Writing contracts is that the fundamental purpose of Solidity. However, writing a contract demands sound error and exception handling. Errors and exceptions are the norms in programming and Solidity provide ample infrastructure for managing both. Writing robust contracts with proper error and exception management is one among the highest best practices. Events are another important construct in Solidity. We’ve known a caller that invokes functions in contracts; however, we’ve not discussed any mechanism through which a contract notifies its caller et al. about changes in its state and otherwise. this is often where events are available . Events are a neighborhood of event-driven programs where, supported changes within a program, it proactively notifies its caller about the changes. The caller is liberal to use this information or ignore it. Finally, both exceptions and events, to an outsized extent, use the logging feature provided by EVM.
Errors are often inadvertently introduced while writing contracts, so writing robust contracts may be a good practice and will be followed. Errors are a fact of life within the programming world and writing error-free contracts may be a desired skill. Errors can occur at design time or runtime. Solidity is compiled into bytecode and there are design-level checks for any syntax errors at design time while compiling. Runtime errors, however, are more difficult to catch and usually occur while executing contracts. it’s important to check the contract for possible runtime errors, but it’s more important to write down defensive and robust contracts that lookout of both design time and runtime errors. samples of runtime errors are out-of-gas errors, divide by zero errors, data type overflow errors, array-out-of-index errors, and so on. Until version 4.10 of Solidity, there was one throw statement available for error handling. Developers had to write down multiple if…else statements to see the values and throw in the case of a mistake . The throw statement consumes all the provided gas and reverts to the first state. this is often not a perfect situation for architects and developers as unused gas should be returned back to the caller. From version 4.10 of Solidity newer error handling constructs were introduced and therefore the throw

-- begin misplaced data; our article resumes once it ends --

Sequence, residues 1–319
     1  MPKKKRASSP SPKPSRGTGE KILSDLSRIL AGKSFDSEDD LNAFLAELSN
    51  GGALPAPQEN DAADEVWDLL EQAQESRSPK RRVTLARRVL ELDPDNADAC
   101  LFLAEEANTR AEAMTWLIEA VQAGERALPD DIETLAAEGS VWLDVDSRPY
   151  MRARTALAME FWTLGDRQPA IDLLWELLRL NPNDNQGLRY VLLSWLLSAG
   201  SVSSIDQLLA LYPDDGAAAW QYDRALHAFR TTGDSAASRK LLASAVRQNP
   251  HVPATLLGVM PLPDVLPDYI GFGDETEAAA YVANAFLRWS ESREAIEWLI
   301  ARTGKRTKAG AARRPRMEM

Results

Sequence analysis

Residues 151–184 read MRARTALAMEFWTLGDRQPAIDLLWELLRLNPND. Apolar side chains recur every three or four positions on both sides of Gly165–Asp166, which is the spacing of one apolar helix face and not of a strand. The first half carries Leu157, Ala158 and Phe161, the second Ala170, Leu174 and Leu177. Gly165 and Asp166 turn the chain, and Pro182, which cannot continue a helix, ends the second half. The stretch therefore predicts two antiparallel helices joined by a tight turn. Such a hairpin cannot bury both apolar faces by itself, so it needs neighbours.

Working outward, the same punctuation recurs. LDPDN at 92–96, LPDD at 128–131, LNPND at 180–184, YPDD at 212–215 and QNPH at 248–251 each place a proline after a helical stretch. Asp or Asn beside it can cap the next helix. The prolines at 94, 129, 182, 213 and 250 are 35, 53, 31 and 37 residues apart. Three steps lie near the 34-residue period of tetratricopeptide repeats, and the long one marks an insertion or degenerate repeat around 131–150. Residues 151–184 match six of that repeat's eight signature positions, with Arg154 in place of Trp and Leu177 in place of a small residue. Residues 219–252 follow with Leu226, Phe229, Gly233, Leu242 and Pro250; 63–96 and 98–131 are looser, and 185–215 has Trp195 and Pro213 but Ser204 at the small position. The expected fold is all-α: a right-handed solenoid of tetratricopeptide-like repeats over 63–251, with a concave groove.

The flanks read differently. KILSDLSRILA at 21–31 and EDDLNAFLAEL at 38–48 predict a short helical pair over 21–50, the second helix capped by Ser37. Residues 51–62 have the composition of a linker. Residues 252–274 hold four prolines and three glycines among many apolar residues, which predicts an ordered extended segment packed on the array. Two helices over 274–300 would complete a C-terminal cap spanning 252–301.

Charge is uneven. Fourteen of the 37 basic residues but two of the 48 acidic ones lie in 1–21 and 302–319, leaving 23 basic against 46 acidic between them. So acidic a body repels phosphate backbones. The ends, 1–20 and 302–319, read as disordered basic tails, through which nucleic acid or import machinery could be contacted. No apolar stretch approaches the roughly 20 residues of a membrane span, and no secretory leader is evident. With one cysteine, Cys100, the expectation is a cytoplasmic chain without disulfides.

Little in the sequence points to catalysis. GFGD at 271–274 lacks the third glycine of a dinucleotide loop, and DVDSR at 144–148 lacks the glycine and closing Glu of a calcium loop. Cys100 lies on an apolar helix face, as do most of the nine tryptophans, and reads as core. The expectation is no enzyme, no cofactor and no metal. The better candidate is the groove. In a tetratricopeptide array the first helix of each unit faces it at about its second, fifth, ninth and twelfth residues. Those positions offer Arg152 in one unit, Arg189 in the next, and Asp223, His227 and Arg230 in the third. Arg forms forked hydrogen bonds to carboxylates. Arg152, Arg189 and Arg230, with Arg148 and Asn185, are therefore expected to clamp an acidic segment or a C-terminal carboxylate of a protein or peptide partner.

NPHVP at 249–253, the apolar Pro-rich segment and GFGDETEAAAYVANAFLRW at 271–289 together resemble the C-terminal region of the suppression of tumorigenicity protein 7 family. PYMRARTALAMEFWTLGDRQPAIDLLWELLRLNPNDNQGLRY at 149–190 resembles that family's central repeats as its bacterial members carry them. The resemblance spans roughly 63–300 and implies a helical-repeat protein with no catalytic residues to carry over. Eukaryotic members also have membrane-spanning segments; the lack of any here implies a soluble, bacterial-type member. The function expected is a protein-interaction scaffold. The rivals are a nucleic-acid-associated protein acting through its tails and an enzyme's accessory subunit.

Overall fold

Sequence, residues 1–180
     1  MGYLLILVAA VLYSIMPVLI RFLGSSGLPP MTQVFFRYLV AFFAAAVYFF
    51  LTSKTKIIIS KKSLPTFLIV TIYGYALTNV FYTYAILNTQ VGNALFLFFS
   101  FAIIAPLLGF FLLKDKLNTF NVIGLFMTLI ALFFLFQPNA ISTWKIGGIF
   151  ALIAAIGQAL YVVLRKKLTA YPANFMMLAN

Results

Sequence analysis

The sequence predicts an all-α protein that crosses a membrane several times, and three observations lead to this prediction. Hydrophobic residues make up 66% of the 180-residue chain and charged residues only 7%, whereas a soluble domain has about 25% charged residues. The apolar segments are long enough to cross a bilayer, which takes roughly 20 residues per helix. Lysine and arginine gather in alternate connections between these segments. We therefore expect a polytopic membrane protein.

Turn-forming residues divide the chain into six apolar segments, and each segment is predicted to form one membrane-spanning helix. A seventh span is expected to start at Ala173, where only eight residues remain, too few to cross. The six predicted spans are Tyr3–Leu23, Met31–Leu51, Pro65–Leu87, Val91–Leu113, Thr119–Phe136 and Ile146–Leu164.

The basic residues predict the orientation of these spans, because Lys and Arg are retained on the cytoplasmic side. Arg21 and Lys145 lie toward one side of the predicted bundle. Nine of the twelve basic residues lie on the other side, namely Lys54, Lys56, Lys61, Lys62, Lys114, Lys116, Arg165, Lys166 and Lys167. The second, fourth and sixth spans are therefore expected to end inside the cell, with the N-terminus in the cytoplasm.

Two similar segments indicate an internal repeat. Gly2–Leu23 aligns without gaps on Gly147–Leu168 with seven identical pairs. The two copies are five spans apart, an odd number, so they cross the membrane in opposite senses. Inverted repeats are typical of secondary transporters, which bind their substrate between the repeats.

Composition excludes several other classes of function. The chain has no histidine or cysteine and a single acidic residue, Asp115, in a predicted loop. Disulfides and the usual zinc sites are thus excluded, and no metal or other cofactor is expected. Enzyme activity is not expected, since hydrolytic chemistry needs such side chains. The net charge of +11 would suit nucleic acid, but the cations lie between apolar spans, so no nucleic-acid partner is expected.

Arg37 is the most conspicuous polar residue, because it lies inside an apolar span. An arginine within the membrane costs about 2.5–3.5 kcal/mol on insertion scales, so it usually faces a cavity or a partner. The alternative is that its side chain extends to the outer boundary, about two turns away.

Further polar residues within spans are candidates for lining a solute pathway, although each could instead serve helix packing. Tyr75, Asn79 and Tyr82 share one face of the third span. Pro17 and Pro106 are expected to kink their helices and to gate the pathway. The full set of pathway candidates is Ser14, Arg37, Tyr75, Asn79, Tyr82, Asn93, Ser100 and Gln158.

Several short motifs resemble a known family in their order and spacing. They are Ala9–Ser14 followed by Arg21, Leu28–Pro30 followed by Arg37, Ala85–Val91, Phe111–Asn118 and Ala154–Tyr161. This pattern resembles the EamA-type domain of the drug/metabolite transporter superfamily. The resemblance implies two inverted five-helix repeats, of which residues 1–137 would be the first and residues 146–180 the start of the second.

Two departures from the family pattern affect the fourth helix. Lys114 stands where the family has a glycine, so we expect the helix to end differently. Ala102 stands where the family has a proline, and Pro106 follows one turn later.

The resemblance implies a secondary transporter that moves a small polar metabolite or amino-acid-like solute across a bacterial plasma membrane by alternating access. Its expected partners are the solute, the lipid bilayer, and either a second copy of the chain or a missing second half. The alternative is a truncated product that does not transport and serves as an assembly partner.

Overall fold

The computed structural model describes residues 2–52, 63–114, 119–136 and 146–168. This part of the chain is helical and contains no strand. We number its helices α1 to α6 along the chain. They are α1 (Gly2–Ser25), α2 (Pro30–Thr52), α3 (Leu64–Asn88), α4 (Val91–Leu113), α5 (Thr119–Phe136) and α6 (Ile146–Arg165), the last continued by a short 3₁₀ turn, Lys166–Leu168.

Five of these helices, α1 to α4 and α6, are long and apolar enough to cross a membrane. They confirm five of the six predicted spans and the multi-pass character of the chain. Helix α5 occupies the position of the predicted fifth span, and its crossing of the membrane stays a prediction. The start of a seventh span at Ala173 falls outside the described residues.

was made obsolete. These were the assert, require, and revert statements. it’s worth noting that there’s no try..catch statements or constructs to catch errors and exceptions.
The require statement
The word requires denotes constraints. Declaring require statements means declaring prerequisites for running the function; in other words, it means declaring constraints that ought to be satisfied before executing the subsequent lines of code. the specified statement takes during a single argument: a press release that evaluates to a real or false boolean value. If the evaluation of the statement is fake , an exception is raised and execution is halted. The unused gas is returned to the caller and therefore the state is reversed to the first . the specified statement leads to the revert opcode, which is liable for reverting the state and returning unused gas.
The following code illustrates the utilization of the specified statement:
The require statement
Let’s take a glance at the subsequent functions depicted within the preceding screenshot: